Slow bankruptcy process for Chesapeake Energy and Unit Corporation


More than a month after Oklahoma City’s Chesapeake Energy filed for Chapter 11, becoming the largest U.S. oil and gas producer to seek bankruptcy in recent years, there are daily filings in the case in the bankruptcy court of the Southern District of Texas.

If one thing is clear, the process is keeping busy dozens of attorneys, those for Chesapeake and those representing the long list of creditors.

The latest two were made Monday as the big oil and gas producers wades through the effort to resolve its $7 billion in debt. Some of the filings are large including one witness list filed by the Official Committee of Royalty Owners—8,219 pages.

A July 31 filing totaled 248 pages and involved an order “authorizing debtors to obtain postpetition financing.” Another filing on the same date involved 353 pages for a “proposed order submission after hearing.”

It was June 28 when Chesapeake Energy filed Chapter 11 with CEO Doug Lawler, stating, “Despite having removed over $20 billion of leverage and financial commitments, we believe this restructuring is necessary for the long-term success and value creation of the business.”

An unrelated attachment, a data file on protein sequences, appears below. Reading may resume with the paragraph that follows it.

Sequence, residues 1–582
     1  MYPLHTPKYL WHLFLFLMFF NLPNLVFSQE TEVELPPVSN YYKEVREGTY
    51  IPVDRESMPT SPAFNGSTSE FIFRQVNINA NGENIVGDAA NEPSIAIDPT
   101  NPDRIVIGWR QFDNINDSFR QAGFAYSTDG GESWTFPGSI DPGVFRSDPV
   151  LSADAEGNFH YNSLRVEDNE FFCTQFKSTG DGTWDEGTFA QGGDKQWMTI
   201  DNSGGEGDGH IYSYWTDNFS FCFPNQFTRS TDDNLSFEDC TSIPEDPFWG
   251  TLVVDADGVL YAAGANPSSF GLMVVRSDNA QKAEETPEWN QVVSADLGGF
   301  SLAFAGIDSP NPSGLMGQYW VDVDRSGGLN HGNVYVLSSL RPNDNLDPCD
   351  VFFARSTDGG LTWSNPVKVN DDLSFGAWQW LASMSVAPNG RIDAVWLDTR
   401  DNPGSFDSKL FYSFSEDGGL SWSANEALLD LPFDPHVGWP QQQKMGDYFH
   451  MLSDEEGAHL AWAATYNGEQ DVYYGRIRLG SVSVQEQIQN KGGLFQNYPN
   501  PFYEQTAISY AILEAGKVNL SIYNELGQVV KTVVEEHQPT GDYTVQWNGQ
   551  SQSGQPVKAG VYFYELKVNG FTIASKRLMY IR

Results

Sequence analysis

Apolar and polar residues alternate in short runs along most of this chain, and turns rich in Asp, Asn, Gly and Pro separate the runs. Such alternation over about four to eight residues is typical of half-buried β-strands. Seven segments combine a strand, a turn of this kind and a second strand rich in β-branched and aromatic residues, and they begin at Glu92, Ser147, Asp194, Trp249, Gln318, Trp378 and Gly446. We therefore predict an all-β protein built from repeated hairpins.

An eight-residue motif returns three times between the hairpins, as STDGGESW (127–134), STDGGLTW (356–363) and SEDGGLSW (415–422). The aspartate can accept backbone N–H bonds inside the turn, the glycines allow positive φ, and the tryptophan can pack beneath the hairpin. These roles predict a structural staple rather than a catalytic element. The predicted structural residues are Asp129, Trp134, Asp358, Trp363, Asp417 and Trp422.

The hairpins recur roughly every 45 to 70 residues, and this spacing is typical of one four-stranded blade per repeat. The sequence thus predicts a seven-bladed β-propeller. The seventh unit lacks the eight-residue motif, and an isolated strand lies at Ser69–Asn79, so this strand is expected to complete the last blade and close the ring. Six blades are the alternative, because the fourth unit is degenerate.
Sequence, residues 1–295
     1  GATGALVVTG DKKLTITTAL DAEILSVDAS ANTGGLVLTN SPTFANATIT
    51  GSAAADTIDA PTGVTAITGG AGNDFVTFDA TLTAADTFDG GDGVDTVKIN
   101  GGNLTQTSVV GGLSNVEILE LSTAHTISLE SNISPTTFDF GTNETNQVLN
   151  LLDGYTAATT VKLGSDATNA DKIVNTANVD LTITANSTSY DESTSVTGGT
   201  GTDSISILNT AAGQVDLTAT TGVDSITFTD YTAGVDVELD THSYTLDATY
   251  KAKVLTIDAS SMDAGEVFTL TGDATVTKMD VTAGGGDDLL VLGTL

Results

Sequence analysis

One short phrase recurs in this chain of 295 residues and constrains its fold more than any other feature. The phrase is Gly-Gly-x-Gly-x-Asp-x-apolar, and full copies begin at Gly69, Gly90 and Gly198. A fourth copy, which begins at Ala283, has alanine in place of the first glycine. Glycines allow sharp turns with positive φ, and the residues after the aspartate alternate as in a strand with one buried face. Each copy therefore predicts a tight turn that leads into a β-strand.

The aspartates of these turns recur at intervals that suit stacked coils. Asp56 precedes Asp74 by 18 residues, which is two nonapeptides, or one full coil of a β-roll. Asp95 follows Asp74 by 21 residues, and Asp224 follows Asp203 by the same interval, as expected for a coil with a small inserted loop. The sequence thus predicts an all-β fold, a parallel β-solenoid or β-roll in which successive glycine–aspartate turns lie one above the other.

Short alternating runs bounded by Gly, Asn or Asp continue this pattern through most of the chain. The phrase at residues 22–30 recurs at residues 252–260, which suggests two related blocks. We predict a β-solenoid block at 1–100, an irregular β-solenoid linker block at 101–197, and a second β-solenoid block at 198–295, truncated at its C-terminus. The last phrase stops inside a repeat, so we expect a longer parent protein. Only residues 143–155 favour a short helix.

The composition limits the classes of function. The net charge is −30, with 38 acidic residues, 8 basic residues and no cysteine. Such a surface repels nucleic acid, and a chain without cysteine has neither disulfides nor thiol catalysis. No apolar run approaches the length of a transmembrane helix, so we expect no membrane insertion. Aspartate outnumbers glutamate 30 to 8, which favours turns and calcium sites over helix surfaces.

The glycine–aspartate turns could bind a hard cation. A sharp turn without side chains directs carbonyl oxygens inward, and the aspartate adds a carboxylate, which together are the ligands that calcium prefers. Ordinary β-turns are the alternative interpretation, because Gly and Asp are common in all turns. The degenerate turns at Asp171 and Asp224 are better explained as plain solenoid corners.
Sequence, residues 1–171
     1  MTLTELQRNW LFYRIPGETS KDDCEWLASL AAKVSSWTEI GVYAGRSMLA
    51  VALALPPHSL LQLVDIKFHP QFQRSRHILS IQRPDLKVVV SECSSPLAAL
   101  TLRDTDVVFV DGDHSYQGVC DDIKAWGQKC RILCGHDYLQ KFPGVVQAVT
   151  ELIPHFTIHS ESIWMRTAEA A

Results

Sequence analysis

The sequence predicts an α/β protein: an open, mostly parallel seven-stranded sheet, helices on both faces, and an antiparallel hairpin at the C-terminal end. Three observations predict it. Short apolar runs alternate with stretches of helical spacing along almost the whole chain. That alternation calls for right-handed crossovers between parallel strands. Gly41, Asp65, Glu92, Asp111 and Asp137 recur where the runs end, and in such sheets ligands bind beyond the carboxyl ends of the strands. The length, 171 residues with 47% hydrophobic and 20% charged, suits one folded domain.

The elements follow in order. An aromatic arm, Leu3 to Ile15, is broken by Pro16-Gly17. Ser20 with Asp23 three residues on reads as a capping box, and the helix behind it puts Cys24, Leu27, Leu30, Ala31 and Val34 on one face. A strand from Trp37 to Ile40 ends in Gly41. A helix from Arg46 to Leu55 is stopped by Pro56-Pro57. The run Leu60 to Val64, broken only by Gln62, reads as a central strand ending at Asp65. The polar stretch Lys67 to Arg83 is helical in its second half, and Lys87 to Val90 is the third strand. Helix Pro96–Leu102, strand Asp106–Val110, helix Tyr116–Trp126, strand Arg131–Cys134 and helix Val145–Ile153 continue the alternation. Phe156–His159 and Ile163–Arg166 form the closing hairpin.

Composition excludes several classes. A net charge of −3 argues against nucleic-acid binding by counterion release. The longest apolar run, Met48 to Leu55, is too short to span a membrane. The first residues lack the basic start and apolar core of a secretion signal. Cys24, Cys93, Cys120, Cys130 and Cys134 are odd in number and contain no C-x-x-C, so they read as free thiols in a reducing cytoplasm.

The filing came nearly a year after the company spent $4 billion on an effort to reduce its reliance on natural gas and instead focus more on crude oil production. As a result of the effort, Chesapeake’s value of its oil and gas holdings fell by $700 million in the first quarter of 2020.

Another Oklahoma company, Unit Corporation based in Tulsa continues the slow drawnout process of its Chapter 11 bankruptcy.


Unit filed Chapter 11 May 22 of this year, listing $650 million in debts. Its court case also involves volumes and volumes of court filing including one motion filed by Chieftan that included 1,525 pages.

An exhibit list filed by Cockerell Oil Properties was 263 pages while a filing of a witness list by Unit Corporation was 872 pages.